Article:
Oleksandr Palii, A History of Ukraine, 11.01.2018
Volodymyr Monomakh (so named because of his mother, a Byzantine princess from the Monomakh family) ruled in Kyiv in 1113–1125. His rule was victorious and fair. He wrote in his Instruction for My Children (on main picture): “I conducted a total of 83 large campaigns and I don’t remember how many smaller ones.”
Nevertheless, the prince managed to remain a humanist. It was his idea to abolish capital (and even other lethal) punishment: “Do not kill either someone who is right or someone who is guilty and do not order to have him killed; if [someone] deserves death, do not kill any Christian soul.”
Volodymyr Monomakh issued a special law prohibiting the beating of debtors and it was out of the question for landlords to beat free people (smerds, i.e. peasants, and town residents, i.e. over four-fifth of the population in the Kyivan state). At the time, some European countries debated whether commoners were the same people as upper classes. In particular, most of the population in Muscovy (Russia), until 1861, were slaves and were sold at markets like cattle.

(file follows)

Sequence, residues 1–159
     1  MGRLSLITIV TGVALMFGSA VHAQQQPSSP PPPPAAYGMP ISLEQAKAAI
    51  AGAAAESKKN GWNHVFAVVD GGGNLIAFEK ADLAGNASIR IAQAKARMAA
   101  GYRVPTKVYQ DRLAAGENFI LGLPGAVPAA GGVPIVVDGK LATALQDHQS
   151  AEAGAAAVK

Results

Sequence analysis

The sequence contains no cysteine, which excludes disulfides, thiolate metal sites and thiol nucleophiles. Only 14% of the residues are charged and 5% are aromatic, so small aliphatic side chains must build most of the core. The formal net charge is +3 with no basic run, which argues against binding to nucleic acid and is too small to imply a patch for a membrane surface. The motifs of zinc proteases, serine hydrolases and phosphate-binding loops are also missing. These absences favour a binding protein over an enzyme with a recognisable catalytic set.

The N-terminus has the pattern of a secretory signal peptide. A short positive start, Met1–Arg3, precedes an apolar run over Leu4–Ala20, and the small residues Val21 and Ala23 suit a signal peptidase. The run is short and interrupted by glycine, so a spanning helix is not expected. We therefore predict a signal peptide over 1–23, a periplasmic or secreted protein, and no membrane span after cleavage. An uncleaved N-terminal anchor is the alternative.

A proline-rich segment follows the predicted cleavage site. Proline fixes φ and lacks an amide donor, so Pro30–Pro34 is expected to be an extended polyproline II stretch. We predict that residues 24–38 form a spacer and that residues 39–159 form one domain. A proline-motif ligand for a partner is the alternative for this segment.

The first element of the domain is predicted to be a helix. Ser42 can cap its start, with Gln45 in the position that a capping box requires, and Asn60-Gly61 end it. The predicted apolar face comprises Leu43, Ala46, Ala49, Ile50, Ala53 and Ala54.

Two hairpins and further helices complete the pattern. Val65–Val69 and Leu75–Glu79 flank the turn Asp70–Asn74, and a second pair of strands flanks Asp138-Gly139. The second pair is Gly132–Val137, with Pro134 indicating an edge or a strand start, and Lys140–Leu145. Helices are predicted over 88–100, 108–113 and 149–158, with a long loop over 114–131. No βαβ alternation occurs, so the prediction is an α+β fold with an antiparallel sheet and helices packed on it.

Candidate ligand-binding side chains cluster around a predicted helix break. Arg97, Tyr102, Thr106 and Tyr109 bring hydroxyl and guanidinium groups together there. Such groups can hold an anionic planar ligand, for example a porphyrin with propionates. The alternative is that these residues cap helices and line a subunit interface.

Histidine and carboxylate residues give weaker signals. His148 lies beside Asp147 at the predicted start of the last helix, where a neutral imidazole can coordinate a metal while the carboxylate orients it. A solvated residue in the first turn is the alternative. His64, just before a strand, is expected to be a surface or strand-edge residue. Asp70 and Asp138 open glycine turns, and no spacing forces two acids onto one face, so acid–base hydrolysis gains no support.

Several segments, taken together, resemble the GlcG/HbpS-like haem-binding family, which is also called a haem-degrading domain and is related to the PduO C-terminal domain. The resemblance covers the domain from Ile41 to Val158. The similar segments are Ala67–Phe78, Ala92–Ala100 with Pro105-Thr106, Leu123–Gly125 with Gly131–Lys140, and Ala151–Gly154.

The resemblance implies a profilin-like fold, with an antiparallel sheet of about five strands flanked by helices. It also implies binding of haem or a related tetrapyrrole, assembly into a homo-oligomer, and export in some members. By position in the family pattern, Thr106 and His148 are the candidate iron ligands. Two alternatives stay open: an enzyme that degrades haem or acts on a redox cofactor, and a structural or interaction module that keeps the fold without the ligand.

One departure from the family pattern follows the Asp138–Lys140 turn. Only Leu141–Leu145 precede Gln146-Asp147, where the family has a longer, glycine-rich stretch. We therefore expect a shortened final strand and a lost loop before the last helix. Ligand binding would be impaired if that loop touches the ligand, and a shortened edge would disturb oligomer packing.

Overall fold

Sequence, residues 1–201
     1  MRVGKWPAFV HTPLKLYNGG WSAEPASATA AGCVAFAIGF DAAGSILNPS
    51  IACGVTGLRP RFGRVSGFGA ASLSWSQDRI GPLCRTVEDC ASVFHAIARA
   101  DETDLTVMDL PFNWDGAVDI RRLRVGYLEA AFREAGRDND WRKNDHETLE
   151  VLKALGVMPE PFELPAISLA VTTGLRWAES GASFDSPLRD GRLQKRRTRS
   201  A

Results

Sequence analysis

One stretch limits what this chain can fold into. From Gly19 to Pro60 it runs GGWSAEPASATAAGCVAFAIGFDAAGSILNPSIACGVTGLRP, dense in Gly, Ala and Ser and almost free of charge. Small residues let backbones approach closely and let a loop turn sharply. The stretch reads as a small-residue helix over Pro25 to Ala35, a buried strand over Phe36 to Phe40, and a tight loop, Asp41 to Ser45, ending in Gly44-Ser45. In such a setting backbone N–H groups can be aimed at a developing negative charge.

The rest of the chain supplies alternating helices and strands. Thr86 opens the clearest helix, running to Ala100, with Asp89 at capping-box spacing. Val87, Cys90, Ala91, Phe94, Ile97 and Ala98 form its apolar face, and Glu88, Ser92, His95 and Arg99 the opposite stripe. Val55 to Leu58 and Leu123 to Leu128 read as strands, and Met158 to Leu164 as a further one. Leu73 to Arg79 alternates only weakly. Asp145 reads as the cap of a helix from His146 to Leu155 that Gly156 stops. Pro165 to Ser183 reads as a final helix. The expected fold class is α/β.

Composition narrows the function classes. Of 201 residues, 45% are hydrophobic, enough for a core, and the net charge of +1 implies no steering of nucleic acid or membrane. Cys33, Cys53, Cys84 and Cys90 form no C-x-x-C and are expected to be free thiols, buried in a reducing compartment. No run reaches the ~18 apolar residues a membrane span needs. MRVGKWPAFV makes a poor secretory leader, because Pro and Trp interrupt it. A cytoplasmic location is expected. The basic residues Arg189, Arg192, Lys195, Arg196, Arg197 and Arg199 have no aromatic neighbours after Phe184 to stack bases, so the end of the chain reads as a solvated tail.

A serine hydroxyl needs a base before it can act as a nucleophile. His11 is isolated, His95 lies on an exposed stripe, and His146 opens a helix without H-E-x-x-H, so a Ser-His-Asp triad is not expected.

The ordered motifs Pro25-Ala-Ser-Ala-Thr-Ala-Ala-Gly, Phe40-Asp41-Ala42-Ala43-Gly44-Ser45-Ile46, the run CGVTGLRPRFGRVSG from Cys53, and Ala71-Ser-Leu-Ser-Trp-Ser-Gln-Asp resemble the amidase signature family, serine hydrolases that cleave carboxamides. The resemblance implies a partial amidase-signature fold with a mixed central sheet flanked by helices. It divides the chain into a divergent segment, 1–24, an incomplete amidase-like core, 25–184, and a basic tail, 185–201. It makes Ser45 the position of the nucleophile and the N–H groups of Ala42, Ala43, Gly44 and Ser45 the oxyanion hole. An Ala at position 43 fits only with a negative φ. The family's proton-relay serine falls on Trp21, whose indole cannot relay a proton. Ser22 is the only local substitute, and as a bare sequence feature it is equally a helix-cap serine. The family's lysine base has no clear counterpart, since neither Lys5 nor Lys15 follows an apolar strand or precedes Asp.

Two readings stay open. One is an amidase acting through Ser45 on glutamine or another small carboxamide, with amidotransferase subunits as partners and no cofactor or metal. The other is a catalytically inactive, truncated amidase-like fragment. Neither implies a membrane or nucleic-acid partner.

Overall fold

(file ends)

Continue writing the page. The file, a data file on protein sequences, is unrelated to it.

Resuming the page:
The hryvnia medallion of Volodymyr Monomakh combines Christian and pre-Christian Scythian motifs
Volodymyr Monomakh was married to Gytha, the daughter of the English king Harold II. He gave one of his granddaughter Dobrodeia in marriage to the Byzantine emperor Alexios I Komnenos, thus increasing the prestige of the Kyivan state. Moreover, Volodymyr Monomakh built a bridge across the Dnipro for the first time in history. Like other princes named Volodymyr, Monomakh’s name follows the Ukrainian phonetic norms in all ancient chronicles — Volodymyr.
Half a millennium later, the Muscovites wished to bask in the glory of the Ukrainian prince. In Muscovy, a Mongol-style cap of Central Asian origin, which Uzbeg Khan of the Golden Horde gave to the Muscovite prince as a sign of the khan’s power over him, was presented as Monomakh’s Cap. The fake cap was supposed to grant the Muscovite prince some special rights.
The fake “Monomakh’s Cap” from the Kremlin; in fact, a Mongol-style cap given by Uzbeg Khan of the Golden Horde to the Muscovite prince as a sign of the khan’s power over him, in early 14th century.